Once the richest city in the UK thanks to its booming garment industry, many of Leicester’s factories now lay empty. Following the departure of big fashion brands in recent years, garment workers have been laid off or had their hours cut by up to 70 percent, and are left facing hunger and homelessness. Against a backdrop of exploitation and allegations of fraud and modern slavery, one community is speaking out.
Over 500 people rallied on Sunday 1 October, in a display of solidarity against a garment industry that has forced workers into poverty and exploitation. Garment workers, mainly women, came together to demand better pay and conditions from factory bosses. After assembling at Spinney Hill Park, Leicester, protestors called on big fashion brands to support factories in the city and to ensure that all workers are paid the National Living Wage.
The group came together to send a direct message to factory owners and big fashion brands: ‘We want decent work’. The rally’s organisers, Labour Behind the Lable, say they aim to highlight the exploitation workers face and lobby the Government for intervention, either by holding fashion brands accountable for the exploitation in their supply chains or by making new legislation to protect workers in the garment industry.
In a sector that has proven stubbornly difficult to unionise owing to insecure and sometimes illegal employment practices and a high density of migrant workers, organising workers to raise awareness and make clear their demands is seen as a first step to achieving change.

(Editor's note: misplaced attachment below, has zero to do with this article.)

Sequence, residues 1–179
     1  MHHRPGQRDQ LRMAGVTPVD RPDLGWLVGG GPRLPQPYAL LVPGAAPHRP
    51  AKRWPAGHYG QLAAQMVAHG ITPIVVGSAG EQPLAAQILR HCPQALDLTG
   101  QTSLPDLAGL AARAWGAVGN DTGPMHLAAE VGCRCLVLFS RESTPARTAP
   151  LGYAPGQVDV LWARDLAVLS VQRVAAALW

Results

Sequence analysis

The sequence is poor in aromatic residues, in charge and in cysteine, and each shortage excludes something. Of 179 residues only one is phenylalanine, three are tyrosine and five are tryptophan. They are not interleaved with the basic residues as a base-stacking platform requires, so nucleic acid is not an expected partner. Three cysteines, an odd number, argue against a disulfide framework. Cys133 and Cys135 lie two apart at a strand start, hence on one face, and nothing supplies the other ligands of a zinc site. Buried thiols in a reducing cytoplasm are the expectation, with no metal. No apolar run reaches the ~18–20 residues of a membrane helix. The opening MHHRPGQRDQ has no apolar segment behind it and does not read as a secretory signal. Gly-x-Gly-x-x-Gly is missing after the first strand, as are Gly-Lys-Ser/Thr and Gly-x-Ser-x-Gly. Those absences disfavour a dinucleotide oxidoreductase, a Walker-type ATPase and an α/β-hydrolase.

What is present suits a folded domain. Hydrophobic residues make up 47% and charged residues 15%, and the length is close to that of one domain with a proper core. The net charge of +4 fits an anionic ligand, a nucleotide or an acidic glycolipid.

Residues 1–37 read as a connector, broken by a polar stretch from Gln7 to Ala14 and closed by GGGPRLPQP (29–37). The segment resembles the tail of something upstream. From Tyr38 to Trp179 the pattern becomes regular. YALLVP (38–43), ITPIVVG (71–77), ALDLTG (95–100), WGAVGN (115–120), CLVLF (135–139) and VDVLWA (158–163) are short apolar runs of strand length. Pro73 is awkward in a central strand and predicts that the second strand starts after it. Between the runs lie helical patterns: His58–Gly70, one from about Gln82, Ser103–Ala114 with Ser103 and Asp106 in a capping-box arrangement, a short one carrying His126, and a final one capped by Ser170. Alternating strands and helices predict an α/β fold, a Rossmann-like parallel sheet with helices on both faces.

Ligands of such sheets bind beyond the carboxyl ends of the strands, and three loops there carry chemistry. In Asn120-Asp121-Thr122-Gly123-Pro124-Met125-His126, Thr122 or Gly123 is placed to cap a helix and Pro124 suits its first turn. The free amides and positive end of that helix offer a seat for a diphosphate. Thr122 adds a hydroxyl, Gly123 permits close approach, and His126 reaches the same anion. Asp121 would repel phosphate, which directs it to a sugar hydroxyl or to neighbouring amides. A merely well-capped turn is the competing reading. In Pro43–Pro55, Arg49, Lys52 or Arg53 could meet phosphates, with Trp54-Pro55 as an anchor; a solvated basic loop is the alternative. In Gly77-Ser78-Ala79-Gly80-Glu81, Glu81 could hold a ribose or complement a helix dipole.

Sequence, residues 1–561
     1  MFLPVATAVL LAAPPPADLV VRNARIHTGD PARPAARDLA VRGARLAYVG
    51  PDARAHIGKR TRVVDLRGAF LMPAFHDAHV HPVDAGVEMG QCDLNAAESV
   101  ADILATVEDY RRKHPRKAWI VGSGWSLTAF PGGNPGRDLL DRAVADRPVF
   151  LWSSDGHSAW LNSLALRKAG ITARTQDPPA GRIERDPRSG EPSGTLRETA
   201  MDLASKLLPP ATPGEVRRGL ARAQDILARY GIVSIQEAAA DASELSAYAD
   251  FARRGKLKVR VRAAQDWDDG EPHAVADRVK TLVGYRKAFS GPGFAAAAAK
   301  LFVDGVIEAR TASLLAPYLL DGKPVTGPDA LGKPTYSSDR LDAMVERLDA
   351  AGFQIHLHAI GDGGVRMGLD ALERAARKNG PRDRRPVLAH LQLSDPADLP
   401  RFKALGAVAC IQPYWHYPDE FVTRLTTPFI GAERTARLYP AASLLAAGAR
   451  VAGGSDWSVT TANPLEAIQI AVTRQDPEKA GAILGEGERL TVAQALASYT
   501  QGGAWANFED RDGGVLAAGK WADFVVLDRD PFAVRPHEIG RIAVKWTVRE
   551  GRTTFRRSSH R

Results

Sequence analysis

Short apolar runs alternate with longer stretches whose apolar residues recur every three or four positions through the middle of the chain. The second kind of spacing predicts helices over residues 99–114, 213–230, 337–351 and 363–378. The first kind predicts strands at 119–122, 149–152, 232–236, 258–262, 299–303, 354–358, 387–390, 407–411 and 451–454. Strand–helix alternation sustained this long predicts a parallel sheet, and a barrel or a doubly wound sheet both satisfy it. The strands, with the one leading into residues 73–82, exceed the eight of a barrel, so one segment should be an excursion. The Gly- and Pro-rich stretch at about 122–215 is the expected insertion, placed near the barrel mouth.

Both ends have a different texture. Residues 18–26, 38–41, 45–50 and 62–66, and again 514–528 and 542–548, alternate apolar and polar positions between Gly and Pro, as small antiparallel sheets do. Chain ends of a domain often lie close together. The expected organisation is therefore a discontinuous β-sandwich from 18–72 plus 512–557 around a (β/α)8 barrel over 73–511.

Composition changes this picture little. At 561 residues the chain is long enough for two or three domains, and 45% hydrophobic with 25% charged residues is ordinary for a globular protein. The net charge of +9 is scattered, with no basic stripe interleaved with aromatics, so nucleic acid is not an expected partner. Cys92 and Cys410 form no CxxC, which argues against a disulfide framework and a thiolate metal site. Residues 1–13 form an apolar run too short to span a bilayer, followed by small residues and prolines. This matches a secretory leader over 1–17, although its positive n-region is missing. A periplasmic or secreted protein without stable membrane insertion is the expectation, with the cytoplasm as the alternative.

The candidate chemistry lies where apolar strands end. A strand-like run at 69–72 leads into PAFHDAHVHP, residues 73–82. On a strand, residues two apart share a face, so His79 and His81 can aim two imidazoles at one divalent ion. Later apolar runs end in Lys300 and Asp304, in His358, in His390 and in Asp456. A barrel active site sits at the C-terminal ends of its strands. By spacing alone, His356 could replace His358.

Dominique Muller, Policy Director at Labour Behind the Label, said, ‘At the moment, what we’re seeing is a lot of fashion brands pulling out of Leicester, despite a lot of good work that’s taken place in the last few years.’
Three years ago, a Sunday Times investigation into the garment industry led to uncovering abysmal pay and conditions of garment workers in the city. Following allegations that workers in BooHoo’s factories were paid as little as £3.50 an hours and that Covid health and safety laws were routinely flouted, contributing to local outbreaks, the brand’s value plummeted by £1.1 billion. In the same year, it’s bosses received bonuses worth £150m.
The company has since reported a pre-tax loss of £91 million for 2022, which it says has been brought on by the cost of living crisis. The fashion giant cut its ties with dozens of suppliers in the city, and other big brands have also pulled their contracts with local factories in favour of outsourcing production abroad.
The decision to outsource jobs has meant that workers in Leicester East have been laid off or had their hours cut by more than 70 percent, resulting in families relying on foodbank, resorting to selling their positions, and a lingering threat of homelessness.
Muller continued, ‘Workers tell us that they don’t have enough money to buy food or school clothes. Food bank usage has rapidly increased — and factories are all without orders. What we want now is to make sure that brands accept that they are the ones responsible for this.’
From the 19th to 20th century, Leicester was the wealthiest city in the UK and the second richest in Europe due to its booming garment industry, and it is still home to the largest concentration of garment workers in the UK.
It only takes a drive through Leicester’s city centre to notice the factory buildings — some abandoned, some partially running, and others renovated into pricey shabby-chic flats. The buildings that have been maintained and turned into private housing have been stripped of their history, the only tell-tale signs of their previous life being the exposed brick and high ceilings.
But, if you travel beyond the outskirts of the city centre, past the old factories to Leicester East, you’ll find a community that has been repeatedly exploited by factory owners and big fashion brands. Incomes in Leicester East are a third less than the national average in England, with over 40 percent of children iliving in poverty, including those with parents who are in work.